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Issue 205: Broken Heart Syndrome

Broken Heart Syndrome

Since February is Heart Health month, here are some heart-focused topics you may be interested in, such as broken heart syndrome, how your healthy habits are stronger than your genes for a healthy heart, and how positive emotions boost blood vessel performance. 

Perhaps you’ve never heard of “broken heart syndrome” before, but women are seven to nine times more likely to suffer from this condition, according to a newer study. In fact, this heart syndrome is three times more common in women over 55 than in younger women, while women younger than 55 are 9.5 times more likely to experience it than men of that age.

It occurs when sudden or even prolonged stress such as a death or an emotional breakup triggers heart failure or heart attack-like symptoms. In fact, even good events such as a surprise party can trigger it, since it happens when a big shock causes an adrenaline—and other stress hormones—rush which, in turn, makes the heart’s main pumping chamber suddenly enlarge and not function properly. Interestingly, at the same time, the rest of the heart functions normally or with even more forceful contractions.

Dr. Abhiram Prasad, a Mayo Clinic cardiologist who presented research on this syndrome, says, “It’s the only cardiac condition where there’s such a female preponderance.” Why women? One explanation lies in the role of hormones. Another is that men have more adrenaline receptors on cells in their hearts than women do, which may make them better equipped to handle stress and the chemical surge it releases.

Broken heart syndrome was called takotsubo cardiomyopathy in the past, but it’s now referred to as stress cardiomyopathy, stress-induced cardiomyopathy or apical ballooning syndrome. Tests indicate dramatic changes in heart rhythm and in blood substances usually found in a heart attack, but no artery blockages, which are typically found in a heart attack. People generally recover with no lasting damage; however, it can be fatal in about 1 percent of its victims.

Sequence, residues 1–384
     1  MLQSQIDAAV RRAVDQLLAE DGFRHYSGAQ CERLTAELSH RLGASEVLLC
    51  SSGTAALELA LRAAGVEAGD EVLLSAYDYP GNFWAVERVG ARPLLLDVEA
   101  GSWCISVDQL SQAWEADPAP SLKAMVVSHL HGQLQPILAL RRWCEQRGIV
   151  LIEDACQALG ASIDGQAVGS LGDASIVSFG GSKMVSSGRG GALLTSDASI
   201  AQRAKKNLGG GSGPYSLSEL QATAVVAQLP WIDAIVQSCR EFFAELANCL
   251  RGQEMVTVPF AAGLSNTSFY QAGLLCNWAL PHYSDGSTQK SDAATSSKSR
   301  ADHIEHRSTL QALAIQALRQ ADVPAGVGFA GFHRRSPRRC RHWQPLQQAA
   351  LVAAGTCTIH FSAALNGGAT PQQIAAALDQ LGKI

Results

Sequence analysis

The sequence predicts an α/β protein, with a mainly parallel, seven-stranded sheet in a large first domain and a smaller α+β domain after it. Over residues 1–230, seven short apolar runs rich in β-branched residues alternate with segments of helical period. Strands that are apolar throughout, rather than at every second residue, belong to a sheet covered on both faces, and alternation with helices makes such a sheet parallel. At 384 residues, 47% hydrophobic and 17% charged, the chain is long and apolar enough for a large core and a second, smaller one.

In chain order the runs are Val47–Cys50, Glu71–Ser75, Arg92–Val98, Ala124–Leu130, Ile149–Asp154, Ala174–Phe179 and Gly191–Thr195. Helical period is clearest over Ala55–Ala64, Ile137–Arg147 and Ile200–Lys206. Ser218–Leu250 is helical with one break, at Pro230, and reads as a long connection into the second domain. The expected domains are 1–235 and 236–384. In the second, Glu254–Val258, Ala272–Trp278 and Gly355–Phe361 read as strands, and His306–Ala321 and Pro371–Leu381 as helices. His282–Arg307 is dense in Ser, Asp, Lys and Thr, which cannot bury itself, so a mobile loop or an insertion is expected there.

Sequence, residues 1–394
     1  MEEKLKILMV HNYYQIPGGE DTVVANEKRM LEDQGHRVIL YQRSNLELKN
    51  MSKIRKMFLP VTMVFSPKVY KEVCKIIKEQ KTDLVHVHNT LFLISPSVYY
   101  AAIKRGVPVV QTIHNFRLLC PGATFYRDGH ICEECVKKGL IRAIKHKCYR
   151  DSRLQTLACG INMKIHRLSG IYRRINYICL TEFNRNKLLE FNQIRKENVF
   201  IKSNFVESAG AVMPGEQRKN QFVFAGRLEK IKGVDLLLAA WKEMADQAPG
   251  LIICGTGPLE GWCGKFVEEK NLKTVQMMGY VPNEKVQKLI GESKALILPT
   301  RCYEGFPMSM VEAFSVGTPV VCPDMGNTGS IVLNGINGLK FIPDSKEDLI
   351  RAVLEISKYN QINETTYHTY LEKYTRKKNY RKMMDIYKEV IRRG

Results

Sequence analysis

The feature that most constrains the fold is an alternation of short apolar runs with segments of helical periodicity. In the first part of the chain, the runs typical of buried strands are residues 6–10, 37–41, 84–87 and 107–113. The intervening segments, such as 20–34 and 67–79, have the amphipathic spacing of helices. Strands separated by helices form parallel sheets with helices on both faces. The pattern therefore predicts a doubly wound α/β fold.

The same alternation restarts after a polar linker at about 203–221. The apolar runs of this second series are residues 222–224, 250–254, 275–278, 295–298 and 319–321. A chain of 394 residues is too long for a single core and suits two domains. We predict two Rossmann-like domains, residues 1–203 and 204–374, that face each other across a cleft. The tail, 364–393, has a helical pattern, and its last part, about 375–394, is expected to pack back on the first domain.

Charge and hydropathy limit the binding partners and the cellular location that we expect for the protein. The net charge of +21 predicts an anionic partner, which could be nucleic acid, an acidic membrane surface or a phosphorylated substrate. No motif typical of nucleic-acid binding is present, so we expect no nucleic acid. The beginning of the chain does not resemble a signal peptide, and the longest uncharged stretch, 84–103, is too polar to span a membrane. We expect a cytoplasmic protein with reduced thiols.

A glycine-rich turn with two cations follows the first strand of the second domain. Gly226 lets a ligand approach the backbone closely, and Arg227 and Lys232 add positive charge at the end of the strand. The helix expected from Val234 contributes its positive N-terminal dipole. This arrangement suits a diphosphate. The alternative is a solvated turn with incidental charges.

Likewise, approximately 10 percent of those who’ve had broken heart syndrome will have a second episode in their lifetimes. Interestingly, broken heart syndrome occurs more often in the summer, but heart attacks happen more in winter.

Moving right along . . .  it’s also important to note that your genetics aren’t the final say in your heart health. Proper diet and lifestyle habits are even more powerful than your genes! There are many studies to back this up, but one recent example in this is that a chromosome typically associated with cardiovascular disease is positively modified by a prudent diet high in raw veggies and fruits.

Additionally, you’ll have to chuckle at this next heart health fact:  positive emotions such as laughter can have extremely beneficial effects on your vascular (blood vessel) function. Whereas mental stress can cause blood vessels to constrict, reducing blood flow, laughter can relax the blood vessels, according to University of Maryland researchers. In fact, there was a 30 to 50 percent difference in blood vessel diameter between the laughter and the mental stress phases. The scientists concluded that laughter consistently benefited the participants in ways similar to how aerobic exercise would.

Now you know even more about your heart and its health, so beware of broken heart syndrome, eat wisely, and laugh more.

Have a happy Heart Health month!


This information is intended for educational and informational purposes only. It should not be used in place of an individual consultation or examination or replace the advice of your health care professional and should not be relied upon to determine diagnosis or course of treatment.

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